My great-grandmother was still alive. When she passed away, they couldn’t get along and they broke everything up. That was my initial experience with family business.
My great-grandfather wouldn’t talk to anybody about it. He was never going to die until he did suddenly, and it threw everything in turmoil.
The most valuable thing you can do for your family is think through these issues before it’s too late. It’s OK sometimes if the business isn’t going to stay in the family.
My father did not farm. He opened an equipment company that basically handled anything smaller than large tractors and sold them. He continues to operate that company. I’m the oldest of five kids. None of the five of us went into that company. And that’s OK. Everyone’s happy. Everybody chose their destiny.
BADR MORGAN: One of the things that family businesses struggle with is feeling comfortable putting structure in place, because you have learned to communicate as family members instead of as colleagues. You have to either adapt or completely break away from that and find a different kind of communication. And then you have to say, well, if it was my friend or neighbor or some third party, I would call a lawyer or figure out how to work the structure of the company and put some documents in place that talk about what happens when someone dies, or if there’s a fundamental disagreement. But it’s my husband and my son and my uncle. I don’t want there to be this notion that there’s distrust.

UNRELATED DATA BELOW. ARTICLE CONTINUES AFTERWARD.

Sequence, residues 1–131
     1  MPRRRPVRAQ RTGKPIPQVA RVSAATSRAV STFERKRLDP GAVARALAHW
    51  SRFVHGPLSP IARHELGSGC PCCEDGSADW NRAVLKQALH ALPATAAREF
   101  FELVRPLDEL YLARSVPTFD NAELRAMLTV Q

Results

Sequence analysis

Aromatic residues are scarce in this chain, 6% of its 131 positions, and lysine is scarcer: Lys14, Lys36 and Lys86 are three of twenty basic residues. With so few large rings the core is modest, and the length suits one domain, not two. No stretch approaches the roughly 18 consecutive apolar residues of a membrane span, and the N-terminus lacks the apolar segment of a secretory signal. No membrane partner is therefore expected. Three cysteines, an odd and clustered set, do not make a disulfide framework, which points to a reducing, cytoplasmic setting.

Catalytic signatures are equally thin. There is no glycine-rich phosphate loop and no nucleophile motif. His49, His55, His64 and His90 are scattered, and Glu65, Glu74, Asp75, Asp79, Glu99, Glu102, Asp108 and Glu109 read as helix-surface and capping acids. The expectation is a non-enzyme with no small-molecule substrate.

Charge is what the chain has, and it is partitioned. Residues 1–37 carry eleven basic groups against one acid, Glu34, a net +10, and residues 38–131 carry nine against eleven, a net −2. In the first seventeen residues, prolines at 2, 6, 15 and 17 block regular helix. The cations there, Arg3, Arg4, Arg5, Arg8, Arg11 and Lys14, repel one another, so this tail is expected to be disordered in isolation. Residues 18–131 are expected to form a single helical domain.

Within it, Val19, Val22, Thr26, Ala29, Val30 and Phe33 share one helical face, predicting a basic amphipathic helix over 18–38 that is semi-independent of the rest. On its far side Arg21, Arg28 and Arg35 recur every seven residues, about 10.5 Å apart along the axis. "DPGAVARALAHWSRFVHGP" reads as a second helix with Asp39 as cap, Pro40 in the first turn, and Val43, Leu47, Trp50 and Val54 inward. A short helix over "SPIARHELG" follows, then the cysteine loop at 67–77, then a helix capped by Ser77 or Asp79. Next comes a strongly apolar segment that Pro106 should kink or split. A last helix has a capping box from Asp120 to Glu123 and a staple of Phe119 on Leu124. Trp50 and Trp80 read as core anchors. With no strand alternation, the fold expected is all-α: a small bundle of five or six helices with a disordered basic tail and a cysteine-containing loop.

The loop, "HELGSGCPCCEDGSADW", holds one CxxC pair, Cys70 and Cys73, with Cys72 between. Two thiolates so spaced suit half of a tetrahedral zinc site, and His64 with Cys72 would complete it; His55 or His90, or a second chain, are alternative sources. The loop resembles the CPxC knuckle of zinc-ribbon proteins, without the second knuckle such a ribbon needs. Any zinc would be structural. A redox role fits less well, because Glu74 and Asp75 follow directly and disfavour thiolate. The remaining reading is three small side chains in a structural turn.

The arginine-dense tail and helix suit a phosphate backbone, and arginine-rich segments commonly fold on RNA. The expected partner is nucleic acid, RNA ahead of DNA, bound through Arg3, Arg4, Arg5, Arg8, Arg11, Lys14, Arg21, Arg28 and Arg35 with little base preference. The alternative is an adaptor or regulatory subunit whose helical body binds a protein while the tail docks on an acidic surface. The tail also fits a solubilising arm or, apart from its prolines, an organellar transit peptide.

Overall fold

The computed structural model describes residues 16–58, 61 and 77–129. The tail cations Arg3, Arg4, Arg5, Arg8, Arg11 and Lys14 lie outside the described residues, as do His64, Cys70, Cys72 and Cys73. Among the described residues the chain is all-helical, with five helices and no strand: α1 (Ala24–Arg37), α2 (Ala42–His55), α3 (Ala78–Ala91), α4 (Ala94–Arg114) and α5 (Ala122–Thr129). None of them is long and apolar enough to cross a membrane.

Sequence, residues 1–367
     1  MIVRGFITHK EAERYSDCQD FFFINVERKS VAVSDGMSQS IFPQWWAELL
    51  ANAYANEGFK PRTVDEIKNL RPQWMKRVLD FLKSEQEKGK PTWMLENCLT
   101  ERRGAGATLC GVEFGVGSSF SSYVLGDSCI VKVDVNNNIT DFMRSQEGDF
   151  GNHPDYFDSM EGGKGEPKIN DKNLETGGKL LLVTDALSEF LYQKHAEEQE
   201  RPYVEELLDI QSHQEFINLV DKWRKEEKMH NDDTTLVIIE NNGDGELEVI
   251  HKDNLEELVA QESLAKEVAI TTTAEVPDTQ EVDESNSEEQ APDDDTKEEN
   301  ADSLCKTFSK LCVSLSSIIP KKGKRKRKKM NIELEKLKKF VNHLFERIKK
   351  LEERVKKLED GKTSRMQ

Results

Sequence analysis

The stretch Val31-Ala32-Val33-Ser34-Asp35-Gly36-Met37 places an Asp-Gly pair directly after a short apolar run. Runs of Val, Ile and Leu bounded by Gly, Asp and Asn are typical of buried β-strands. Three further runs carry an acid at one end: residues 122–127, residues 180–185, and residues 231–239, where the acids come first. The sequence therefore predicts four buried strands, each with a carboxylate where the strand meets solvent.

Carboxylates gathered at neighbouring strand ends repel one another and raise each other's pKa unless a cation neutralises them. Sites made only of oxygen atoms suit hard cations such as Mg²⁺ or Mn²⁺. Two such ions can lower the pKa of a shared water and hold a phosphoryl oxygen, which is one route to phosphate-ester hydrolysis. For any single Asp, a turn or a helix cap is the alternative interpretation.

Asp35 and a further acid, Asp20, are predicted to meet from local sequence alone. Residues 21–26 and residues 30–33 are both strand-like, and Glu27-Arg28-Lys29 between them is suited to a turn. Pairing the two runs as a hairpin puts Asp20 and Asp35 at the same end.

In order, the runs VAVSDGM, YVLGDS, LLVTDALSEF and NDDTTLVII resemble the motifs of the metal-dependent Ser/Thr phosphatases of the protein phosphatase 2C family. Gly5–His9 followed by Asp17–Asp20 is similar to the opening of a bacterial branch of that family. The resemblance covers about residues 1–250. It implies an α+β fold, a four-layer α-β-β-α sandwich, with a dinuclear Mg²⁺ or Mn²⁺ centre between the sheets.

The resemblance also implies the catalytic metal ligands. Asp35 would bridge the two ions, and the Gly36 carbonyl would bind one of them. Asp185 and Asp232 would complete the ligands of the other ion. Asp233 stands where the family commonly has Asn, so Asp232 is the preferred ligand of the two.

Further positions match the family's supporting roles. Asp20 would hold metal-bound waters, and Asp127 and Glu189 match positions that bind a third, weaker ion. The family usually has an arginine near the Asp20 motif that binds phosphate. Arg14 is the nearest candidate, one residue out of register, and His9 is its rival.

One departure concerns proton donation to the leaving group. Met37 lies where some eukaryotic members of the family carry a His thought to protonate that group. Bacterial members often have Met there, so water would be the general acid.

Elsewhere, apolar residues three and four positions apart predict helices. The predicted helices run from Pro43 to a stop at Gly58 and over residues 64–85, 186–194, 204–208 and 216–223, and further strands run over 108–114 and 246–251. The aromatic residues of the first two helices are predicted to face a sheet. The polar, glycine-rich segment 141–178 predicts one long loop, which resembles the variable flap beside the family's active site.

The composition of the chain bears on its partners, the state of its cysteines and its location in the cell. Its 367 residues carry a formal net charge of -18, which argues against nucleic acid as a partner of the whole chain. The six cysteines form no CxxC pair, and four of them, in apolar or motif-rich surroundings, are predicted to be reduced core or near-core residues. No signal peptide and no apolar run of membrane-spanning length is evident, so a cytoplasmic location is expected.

How do you groom the next generation for family business leadership?
STEPHENSON: My dad and his dad were in business together, and they had a serious falling out. It destroyed their relationship for the rest of their lives. They went different ways. My dad split off and started the little company that we have now.
When I finished at Wake Forest [University], it was expected that I was to come back to Wilson and run the family business. I did that for a couple of months and realized two things: I didn’t want to work for my dad, and I didn’t want to live in a small town.
I left the company. I went to work with Wachovia Bank, stayed there for 30-something years. In the meantime, my son finished at Wake Forest. His counselor told him, “You have a grandfather who has a business and has no successor management in place down there. That’s where you need to be.”
He interviewed with his grandfather, but my dad very smartly told him, “You need to go work somewhere else for a while.” He did that. He worked with two other employers for about four years. Then he went back and interviewed again, and this time my dad hired him.
I was in my late 50s when I went back to the company. My dad was ready to give it up at that point. It’s been an interesting route the way we worked our family into our company.
DAVIS: I grew up in the family business. On Saturdays, I had my own little coveralls and I went under the house with my dad. But I swore that I would never work in the family business — I went to college, I went to grad school, I got a job. I had several different jobs. When you get laid off and the economy is down, you do what you can to get a job, so I came back to work for my parents.
I think that’s great because I know how to talk to another manager or someone who’s not also my parent. I am adamant. I don’t want to be seen as the boss’ kid.